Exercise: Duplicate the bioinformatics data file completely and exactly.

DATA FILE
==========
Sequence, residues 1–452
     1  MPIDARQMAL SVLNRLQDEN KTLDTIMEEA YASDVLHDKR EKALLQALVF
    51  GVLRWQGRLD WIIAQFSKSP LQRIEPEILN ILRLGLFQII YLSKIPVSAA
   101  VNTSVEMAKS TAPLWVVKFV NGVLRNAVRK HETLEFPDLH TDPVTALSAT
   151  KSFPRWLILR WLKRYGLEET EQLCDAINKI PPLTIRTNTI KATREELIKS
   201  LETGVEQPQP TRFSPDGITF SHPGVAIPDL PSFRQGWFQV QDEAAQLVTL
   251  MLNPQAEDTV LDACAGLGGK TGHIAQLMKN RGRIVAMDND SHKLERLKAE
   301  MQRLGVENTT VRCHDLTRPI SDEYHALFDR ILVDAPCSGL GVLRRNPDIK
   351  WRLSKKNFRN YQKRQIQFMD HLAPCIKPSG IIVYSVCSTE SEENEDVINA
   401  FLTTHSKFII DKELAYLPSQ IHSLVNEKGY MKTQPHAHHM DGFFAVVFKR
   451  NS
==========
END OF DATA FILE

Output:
Sequence, residues 1–452
     1  MPIDARQMAL SVLNRLQDEN KTLDTIMEEA YASDVLHDKR EKALLQALVF
    51  GVLRWQGRLD WIIAQFSKSP LQRIEPEILN ILRLGLFQII YLSKIPVSAA
   101  VNTSVEMAKS TAPLWVVKFV NGVLRNAVRK HETLEFPDLH TDPVTALSAT
   151  KSFPRWLILR WLKRYGLEET EQLCDAINKI PPLTIRTNTI KATREELIKS
   201  LETGVEQPQP TRFSPDGITF SHPGVAIPDL PSFRQGWFQV QDEAAQLVTL
   251  MLNPQAEDTV LDACAGLGGK TGHIAQLMKN RGRIVAMDND SHKLERLKAE
   301  MQRLGVENTT VRCHDLTRPI SDEYHALFDR ILVDAPCSGL GVLRRNPDIK
   351  WRLSKKNFRN YQKRQIQFMD HLAPCIKPSG IIVYSVCSTE SEENEDVINA
   401  FLTTHSKFII DKELAYLPSQ IHSLVNEKGY MKTQPHAHHM DGFFAVVFKR
   451  NS